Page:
The other side of it - which sometimes could be good or could be bad - is that the labels that I work with don´t really know where to place me! So it becomes a problem for them - but it is not a problem for me. I am happy to do what I like. - So to do something with The Roots, to do some turkish music with Burhan - it is very natural for me to move in those different environments.
I don´t want to be that kind of musician that is completely locked into one particular idea. And this is how I was from the beginning of my career. So I can´t stop now.

Carina: What inspires your music? ... people, nature?

Jamaaladeen: Life, everything! - This gem that you wear is very inspirational - its beauty! - I look at it and it is very beautiful to me. So perhaps, if I am playing a solo, maybe this idea comes to my mind ... - And maybe I will write a small piece, a small "something" to remind me of that. When they made this gem, they had to make the lines "just right", so that it inspires a certain feeling! If they made the lines in another way, maybe it would result in another kind of feeling ...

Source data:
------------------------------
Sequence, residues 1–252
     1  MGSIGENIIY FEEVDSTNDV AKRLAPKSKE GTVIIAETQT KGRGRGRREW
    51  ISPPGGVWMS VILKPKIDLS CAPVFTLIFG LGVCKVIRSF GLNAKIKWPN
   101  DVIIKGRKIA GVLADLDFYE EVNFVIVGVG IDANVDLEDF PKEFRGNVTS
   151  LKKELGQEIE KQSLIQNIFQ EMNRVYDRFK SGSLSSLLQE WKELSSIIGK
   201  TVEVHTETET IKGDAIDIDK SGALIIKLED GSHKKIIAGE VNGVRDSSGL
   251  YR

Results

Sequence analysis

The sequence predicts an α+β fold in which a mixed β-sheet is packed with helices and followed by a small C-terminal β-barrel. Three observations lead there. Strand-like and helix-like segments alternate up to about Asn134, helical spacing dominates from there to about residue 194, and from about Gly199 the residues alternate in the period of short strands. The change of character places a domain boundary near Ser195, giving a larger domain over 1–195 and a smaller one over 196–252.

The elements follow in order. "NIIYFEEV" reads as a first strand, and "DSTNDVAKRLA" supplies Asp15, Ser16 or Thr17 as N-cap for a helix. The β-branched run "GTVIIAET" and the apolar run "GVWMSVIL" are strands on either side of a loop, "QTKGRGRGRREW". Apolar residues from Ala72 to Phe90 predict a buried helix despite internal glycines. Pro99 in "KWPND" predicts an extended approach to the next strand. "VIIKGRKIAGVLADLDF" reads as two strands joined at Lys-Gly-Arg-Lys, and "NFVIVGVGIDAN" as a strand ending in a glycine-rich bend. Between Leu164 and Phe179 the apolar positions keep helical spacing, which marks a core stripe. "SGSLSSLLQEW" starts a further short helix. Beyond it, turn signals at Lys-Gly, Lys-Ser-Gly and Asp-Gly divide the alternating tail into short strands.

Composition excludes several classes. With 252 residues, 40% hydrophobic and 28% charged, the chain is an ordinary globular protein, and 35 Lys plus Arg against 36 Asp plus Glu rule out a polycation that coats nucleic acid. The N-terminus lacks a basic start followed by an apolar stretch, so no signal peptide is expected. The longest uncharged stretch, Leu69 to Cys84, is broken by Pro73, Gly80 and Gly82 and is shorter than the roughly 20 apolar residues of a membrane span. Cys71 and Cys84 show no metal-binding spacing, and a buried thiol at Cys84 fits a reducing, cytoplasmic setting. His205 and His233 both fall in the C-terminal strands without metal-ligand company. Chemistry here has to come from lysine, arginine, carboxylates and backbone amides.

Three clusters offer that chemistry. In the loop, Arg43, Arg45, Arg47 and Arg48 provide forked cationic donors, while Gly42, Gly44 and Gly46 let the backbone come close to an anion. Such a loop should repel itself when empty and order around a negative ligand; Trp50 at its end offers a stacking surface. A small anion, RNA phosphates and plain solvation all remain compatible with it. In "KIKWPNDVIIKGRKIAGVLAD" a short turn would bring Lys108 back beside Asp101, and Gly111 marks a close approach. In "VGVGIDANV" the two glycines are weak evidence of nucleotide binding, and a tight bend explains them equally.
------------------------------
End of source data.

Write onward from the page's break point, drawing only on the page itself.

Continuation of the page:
So, when I am thinking of music, I am being inspired by everything that I see, by things that I hear - and I get so involved into the music and try to make it happen very powerful. But then - when I go home and have been playing a tour for two or three weeks, playing the bass every night - I don´t want to see the bass anymore!

I want to put the bass in the corner, I want to watch TV, go to the movies, I want to go to a restaurant, I want to go to play, do something, go to the zoo, walk in the park. I want to do other things - other than music! - I fancy furniture very much, I like to go to flea markets. I went to one today in Berlin - it was nice! - I like design and things like that ...